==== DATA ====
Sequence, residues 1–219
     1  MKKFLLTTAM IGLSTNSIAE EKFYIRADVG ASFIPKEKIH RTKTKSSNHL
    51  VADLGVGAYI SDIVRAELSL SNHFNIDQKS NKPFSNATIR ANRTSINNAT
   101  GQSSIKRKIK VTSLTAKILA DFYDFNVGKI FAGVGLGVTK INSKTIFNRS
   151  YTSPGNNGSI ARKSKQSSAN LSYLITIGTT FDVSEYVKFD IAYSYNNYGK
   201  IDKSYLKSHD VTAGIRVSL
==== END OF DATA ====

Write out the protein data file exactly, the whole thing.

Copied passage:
Sequence, residues 1–219
     1  MKKFLLTTAM IGLSTNSIAE EKFYIRADVG ASFIPKEKIH RTKTKSSNHL
    51  VADLGVGAYI SDIVRAELSL SNHFNIDQKS NKPFSNATIR ANRTSINNAT
   101  GQSSIKRKIK VTSLTAKILA DFYDFNVGKI FAGVGLGVTK INSKTIFNRS
   151  YTSPGNNGSI ARKSKQSSAN LSYLITIGTT FDVSEYVKFD IAYSYNNYGK
   201  IDKSYLKSHD VTAGIRVSL